Hansen flew aircraft obtained from "a pile of scrap"

Hansen Helicopters Inc. had received airworthiness certifications for 10 aircraft that were never inspected. The fleet included four helicopters severely damaged in previous accidents, one considered broken “beyond repair,” and two obtained from “a pile of scrap in Alaska,” according to a new court complaint.

New information regarding the previously sealed case against Hansen Helicopters were detailed in the complaint for forfeiture filed by the federal government in the District Court of Guam this week.

The federal government is seeking to forfeit $4.7 million worth of corporate funds seized from Hansen Helicopters and its subsidiaries following a wire fraud and money laundering investigation that later led to the conviction of Timothy Cislo, former safety inspector for the Federal Aviation Administration.

Subject to forfeiture included Hansen’s $25,883.33 bank account and Caledonia Agency Inc.s’ $649,208.25, both with Bank of Hawaii in Hagatna; Walker Agricola LLC’s $1,043,262.16 with Community Bank and Trust in Neosho, Missouri; and $2.9 million in brokerage funds from the National Financial Services in Boston, Massachusetts in the name of John D. Walker.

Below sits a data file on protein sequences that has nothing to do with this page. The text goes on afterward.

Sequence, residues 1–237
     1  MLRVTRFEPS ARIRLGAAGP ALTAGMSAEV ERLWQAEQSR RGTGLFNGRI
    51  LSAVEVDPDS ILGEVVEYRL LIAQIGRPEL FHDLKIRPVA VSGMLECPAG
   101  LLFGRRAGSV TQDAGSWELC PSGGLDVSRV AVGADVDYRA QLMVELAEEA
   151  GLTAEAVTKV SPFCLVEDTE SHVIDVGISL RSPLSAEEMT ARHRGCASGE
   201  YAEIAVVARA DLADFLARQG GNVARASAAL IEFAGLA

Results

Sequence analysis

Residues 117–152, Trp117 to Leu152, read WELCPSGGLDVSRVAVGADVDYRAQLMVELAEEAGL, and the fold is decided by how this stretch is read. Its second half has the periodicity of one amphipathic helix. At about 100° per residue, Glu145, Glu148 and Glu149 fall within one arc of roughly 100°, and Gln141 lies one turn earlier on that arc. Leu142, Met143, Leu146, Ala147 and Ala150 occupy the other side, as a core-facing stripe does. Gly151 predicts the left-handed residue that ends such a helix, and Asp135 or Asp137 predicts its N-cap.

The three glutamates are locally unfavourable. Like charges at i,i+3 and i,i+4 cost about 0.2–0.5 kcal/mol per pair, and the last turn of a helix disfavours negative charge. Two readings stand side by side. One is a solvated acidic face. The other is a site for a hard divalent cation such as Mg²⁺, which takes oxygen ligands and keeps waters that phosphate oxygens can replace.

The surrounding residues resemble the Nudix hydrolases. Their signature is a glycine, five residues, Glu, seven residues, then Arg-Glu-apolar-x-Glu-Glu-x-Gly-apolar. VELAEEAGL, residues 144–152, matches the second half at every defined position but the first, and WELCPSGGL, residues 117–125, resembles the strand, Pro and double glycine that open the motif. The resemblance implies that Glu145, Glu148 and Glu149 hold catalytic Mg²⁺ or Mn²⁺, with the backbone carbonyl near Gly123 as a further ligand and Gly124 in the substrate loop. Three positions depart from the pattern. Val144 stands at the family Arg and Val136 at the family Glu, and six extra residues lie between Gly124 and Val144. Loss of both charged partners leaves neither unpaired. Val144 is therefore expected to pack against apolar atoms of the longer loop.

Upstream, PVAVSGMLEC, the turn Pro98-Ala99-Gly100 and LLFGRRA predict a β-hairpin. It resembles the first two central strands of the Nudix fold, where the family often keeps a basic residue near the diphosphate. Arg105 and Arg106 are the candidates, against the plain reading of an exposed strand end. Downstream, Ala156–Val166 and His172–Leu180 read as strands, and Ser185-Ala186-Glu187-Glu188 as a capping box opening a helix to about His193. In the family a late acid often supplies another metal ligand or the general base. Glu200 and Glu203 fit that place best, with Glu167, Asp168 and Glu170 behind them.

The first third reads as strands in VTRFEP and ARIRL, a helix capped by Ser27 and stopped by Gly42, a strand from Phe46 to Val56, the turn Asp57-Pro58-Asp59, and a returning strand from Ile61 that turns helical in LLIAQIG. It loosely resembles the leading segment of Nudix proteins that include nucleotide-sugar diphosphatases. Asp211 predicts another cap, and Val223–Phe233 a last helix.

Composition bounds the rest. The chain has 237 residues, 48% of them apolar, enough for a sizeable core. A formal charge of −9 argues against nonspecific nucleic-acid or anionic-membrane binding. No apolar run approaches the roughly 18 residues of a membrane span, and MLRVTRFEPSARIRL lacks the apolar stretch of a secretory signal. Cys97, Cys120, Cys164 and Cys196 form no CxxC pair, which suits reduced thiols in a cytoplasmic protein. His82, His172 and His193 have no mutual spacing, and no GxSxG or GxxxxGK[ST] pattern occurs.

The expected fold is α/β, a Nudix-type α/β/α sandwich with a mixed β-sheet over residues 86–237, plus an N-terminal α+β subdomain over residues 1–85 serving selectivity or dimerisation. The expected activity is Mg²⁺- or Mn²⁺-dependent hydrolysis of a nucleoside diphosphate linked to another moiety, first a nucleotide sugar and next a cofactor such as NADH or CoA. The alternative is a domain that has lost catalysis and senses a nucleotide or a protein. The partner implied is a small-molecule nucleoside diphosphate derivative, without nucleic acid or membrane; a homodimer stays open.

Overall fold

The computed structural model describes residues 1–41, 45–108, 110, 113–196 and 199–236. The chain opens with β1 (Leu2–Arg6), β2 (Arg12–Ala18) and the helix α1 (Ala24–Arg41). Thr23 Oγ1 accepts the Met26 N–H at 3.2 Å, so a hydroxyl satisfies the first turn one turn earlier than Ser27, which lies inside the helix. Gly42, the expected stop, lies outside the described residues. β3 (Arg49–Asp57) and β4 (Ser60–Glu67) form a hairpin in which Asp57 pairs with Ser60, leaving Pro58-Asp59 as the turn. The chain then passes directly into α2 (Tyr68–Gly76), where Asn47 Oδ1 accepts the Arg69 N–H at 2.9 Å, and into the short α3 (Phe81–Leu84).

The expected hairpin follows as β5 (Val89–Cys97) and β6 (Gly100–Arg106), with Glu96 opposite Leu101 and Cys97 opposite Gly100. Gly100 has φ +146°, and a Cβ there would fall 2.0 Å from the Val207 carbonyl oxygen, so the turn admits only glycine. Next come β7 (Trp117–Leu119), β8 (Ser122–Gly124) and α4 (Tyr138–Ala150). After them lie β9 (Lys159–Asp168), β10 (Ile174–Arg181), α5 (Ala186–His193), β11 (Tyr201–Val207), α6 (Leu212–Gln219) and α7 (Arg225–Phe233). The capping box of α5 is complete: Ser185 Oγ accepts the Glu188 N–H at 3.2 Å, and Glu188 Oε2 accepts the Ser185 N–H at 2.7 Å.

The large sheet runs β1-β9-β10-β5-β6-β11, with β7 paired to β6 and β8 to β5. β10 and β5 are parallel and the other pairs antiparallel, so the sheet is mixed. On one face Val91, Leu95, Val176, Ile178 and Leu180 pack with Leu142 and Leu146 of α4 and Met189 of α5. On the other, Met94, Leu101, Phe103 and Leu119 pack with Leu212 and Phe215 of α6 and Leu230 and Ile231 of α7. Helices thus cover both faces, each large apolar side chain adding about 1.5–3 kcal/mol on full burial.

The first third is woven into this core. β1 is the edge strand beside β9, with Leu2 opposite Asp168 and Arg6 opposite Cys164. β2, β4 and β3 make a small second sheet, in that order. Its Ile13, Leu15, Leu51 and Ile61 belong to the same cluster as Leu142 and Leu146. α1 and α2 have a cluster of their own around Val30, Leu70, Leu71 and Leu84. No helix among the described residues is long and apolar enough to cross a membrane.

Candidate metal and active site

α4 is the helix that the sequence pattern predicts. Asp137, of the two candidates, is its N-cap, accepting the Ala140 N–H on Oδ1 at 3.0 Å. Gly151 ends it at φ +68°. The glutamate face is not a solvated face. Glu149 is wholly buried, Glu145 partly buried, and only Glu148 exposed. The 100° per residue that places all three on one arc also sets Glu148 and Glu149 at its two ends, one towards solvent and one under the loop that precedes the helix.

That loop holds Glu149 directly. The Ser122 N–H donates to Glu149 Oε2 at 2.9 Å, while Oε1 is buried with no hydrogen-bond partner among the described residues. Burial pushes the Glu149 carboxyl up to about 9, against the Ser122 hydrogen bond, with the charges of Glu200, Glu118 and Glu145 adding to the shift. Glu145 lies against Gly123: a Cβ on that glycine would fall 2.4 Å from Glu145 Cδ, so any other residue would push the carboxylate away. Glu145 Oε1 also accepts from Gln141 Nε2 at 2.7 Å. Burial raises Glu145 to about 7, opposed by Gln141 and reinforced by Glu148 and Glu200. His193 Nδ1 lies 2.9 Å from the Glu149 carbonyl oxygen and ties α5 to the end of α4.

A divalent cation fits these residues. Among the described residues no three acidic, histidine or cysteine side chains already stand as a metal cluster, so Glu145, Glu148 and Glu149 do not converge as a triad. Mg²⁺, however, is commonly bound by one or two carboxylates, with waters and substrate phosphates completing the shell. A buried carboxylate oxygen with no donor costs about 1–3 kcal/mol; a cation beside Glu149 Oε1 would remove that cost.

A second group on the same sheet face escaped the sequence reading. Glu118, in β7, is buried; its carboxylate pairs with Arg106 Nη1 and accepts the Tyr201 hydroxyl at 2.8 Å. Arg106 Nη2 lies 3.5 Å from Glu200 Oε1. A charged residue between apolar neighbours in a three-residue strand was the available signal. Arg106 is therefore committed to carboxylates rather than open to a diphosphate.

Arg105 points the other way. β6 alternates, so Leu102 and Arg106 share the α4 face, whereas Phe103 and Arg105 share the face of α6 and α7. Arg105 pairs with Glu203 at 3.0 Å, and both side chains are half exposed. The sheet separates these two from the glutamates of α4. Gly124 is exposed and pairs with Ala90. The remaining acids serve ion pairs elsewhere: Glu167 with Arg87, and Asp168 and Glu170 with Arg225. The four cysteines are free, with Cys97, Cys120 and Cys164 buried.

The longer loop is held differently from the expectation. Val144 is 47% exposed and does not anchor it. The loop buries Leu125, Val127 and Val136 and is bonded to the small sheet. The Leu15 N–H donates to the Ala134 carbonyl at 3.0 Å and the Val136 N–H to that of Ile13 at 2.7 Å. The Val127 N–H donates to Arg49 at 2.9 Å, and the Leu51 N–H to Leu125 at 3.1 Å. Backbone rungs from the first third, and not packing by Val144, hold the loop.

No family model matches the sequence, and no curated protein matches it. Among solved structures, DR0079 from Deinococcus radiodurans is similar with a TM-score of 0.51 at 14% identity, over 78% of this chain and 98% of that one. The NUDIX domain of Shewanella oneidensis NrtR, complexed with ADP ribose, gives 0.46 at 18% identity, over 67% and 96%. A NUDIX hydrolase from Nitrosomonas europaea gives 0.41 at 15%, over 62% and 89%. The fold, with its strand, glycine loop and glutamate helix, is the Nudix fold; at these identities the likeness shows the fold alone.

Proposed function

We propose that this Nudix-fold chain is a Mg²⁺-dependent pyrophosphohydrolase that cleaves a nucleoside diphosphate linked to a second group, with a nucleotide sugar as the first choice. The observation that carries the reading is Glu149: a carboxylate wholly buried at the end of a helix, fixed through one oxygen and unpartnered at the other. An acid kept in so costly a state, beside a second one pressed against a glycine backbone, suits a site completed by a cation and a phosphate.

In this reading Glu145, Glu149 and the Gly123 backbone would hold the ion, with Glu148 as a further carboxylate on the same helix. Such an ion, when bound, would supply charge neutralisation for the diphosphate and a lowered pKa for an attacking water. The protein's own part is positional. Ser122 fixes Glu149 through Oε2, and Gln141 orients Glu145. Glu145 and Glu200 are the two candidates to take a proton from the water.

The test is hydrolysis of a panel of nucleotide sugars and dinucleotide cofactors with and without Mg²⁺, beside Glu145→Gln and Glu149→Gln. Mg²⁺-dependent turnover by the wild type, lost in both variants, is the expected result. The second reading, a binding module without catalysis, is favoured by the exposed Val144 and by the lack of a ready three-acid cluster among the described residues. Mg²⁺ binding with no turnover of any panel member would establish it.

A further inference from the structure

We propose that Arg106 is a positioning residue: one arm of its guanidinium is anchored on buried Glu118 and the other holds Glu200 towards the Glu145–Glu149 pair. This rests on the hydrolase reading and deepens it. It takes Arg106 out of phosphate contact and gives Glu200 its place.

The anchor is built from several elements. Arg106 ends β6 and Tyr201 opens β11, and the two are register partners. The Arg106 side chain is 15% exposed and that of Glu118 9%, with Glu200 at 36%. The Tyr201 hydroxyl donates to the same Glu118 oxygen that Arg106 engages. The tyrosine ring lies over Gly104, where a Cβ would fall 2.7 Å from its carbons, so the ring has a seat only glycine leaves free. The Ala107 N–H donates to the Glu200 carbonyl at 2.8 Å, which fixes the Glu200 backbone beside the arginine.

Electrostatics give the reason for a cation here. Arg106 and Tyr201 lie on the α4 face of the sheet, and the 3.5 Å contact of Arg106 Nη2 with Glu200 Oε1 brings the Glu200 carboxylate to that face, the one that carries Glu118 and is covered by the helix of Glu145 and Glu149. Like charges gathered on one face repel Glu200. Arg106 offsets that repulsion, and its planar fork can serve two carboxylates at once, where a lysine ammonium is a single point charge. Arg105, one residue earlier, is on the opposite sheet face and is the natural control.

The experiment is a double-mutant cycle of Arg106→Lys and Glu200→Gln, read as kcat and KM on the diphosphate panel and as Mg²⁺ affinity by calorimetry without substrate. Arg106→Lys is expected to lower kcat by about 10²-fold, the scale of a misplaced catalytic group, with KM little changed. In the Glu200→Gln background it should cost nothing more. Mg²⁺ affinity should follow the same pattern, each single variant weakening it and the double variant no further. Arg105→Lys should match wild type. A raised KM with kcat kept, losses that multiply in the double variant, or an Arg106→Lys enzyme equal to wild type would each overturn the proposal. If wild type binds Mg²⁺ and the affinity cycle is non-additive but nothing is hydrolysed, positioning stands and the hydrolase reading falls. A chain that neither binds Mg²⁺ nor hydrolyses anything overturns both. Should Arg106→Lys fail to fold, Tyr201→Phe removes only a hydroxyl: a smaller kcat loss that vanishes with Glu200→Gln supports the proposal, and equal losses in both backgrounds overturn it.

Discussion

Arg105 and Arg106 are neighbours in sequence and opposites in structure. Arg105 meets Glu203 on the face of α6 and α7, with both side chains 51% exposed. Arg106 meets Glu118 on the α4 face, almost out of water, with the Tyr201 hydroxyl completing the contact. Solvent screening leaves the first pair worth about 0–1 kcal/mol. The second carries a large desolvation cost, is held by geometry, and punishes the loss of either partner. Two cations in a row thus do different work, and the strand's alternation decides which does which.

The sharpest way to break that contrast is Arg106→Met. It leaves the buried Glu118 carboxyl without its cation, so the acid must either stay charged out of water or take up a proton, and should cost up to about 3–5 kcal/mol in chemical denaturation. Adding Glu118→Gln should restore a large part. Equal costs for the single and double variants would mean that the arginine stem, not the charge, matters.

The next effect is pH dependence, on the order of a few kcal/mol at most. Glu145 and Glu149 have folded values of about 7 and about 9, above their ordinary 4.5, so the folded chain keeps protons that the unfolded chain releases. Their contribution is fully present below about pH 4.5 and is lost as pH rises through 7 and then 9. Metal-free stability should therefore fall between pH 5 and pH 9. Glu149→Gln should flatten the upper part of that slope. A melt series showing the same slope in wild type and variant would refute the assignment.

These assets — deemed traceable to the wire fraud and money laundering that involved the purchase of a small aircraft gifted to Cislo — were seized by the government on Feb. 6, 2018 and March 7, 2018, according to the complaint filed by U.S. Attorney Shawn Anderson.

Court records indicate that Cislo gave Hansen a wholesale clearance for its 10 aircraft on Feb. 27, 2015 after receiving a Taylorcraft which the company bought for him for $22,000 — in exchange for what he called “a sign-fest.”

FAA records indicated that the Taylorcraft in question is currently registered to Cislo, who pleaded guilty to wire fraud last month.